Misconceptions Exist About Clinical Evidence for Breakthrough Therapies, Examination Suggests
JULY 17, 2018
Joseph S. Ross, MD, MHSBoth patients and physicians appear to have misconceptions regarding the strength of evidence that support treatments with the US Food and Drug Administration’s (FDA) Breakthrough Therapy designation, according to a new examination.
Conducted by Joseph S. Ross, MD, MHS; Jeremy Puthumana, MS; and Joshua D. Wallach, PhD, MS, the analysis revealed that therapies granted this designation often reach the point of regulatory approval with trial data that lacks randomization and controls, and often consists of small numbers of enrolled patients.
“When approvals are based on shorter and smaller clinical trials, there is greater uncertainty at the time of approval,” Ross, an associate professor of medicine, as well as public health, at Yale School of Medicine, told MD Mag. “Uncertainty over whether the effect observed in the single small trial will be observed in a larger population or replicated in another trial; uncertainty over whether the effect observed over the short-term will persist over the longer-term, or whether new risks—or even benefits—might be observed over the long-term; and uncertainty over whether the effect observed on the outcomes used in these shorter trials—usually surrogate markers of disease, like a laboratory test—will be confirmed by eventual demonstration of benefit and safety based on clinical outcomes like improved mortality or improved symptoms.”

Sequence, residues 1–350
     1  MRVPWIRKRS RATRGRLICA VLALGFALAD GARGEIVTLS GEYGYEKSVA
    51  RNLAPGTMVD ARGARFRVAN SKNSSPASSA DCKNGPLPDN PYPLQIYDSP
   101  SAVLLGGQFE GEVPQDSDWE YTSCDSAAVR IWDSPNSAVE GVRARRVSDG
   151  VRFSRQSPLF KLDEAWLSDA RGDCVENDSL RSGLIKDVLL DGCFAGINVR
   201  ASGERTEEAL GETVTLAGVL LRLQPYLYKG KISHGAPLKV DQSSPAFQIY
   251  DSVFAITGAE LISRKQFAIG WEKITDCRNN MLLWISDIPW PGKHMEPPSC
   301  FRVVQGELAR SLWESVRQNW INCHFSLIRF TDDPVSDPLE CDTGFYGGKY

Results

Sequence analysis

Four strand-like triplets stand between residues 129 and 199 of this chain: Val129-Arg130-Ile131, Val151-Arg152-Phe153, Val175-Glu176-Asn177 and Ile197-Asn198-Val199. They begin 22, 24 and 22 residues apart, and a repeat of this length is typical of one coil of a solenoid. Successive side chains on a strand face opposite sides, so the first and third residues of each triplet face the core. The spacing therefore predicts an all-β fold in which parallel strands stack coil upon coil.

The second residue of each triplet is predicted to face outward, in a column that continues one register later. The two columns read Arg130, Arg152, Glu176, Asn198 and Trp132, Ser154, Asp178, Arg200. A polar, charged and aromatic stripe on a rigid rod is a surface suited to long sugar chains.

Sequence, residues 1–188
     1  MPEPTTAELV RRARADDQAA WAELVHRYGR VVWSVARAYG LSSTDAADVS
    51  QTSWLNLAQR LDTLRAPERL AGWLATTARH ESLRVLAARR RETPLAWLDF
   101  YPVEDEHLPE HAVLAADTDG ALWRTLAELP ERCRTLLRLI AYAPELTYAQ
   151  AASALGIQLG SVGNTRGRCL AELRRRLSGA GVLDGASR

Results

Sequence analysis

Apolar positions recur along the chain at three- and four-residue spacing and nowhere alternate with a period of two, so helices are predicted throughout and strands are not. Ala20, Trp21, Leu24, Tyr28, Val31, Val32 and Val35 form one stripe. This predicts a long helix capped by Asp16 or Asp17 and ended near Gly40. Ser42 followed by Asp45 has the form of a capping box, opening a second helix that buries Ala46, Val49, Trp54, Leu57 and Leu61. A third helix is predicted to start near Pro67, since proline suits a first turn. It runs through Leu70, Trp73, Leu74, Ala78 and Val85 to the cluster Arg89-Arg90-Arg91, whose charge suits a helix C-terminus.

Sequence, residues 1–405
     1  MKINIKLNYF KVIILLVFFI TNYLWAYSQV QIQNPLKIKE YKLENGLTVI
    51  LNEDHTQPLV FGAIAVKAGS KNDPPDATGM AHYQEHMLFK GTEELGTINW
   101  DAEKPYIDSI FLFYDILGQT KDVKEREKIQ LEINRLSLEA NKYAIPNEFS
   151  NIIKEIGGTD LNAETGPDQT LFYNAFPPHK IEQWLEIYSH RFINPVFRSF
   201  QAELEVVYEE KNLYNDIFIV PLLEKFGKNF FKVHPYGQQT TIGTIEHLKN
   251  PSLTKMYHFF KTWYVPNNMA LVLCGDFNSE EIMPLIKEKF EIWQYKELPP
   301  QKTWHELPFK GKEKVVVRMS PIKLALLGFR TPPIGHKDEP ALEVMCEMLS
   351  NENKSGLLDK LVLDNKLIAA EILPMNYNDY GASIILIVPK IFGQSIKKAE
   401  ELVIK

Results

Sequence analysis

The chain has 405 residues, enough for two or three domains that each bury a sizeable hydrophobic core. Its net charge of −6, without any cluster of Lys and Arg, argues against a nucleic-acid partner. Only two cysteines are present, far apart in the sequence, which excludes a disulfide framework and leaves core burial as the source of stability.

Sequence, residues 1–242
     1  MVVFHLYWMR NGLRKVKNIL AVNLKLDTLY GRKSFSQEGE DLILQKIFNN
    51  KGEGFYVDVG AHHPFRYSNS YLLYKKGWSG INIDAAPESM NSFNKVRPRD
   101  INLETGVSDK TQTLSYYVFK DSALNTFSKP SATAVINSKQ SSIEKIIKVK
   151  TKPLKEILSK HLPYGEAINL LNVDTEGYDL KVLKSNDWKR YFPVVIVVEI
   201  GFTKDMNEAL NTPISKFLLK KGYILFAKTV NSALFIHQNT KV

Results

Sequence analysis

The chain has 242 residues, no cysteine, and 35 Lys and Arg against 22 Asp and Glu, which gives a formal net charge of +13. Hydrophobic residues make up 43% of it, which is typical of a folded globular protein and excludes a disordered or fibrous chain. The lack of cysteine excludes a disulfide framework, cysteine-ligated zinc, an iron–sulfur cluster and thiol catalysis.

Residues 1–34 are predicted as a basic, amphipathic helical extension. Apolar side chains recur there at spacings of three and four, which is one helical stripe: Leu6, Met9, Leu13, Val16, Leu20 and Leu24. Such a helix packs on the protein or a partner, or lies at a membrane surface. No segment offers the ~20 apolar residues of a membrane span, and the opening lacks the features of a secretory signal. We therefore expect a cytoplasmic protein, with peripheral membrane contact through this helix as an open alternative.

Data revealed that since its inception in 2012, 46 therapies have been granted a Breakthrough Therapy designation by the FDA, with the majority approved in 2015 (n = 10; 21.7%) and 2017 (n = 17; 37%), and a large portion of them (n = 25; 54.3%) marked as first-in-class approvals. The majority, 54.3% (n = 25), of the treatments were therapies for cancer, with infectious disease (n = 8; 17.4%) having the next highest amount. In total, 60.9% (n = 28) of the approvals were drugs, with the remaining 39.1% being biologic agents.
Many of these therapies were also granted additional designations by the FDA. All told, 30 (65.2%) therapies were also granted Orphan Drug status, 24 (52.2%) were given Fast Track designation, and notably, all 46 (100%) were granted Priority Review. It was also common for these therapies to be given Accelerated Approval (n = 18; 39.1%).
The average number of trials per indication for Breakthrough Therapies was 1 (interquartile range [IQR], 1-2), and the median number of patients enrolled in all trials supporting an indication was 222 (IQR, 124-796). In total, 58.7% (n = 27) of the trials utilized randomization, 54.3% (n = 25) used a placebo or comparator control, 45.7% (n = 21) used double-blind distribution, and 21.7% (n = 10) had a clinical primary end point.
Data revealed that breakthrough approvals were less likely to be supported by randomized pivotal trials if they were also granted Accelerated Approval status (n = 3; 16.7%) than if they were not (n = 24; 85.7%; P <.001). Likewise, of the supporting trials with Accelerated Approval status, 1 was double-blinded (5.6%) and 3 featured control groups (16.7%), while 20 (71.4%) and 32 (96.4%) of those that were not given the accelerated designation were double-blind and controlled, respectively (P for both <.001).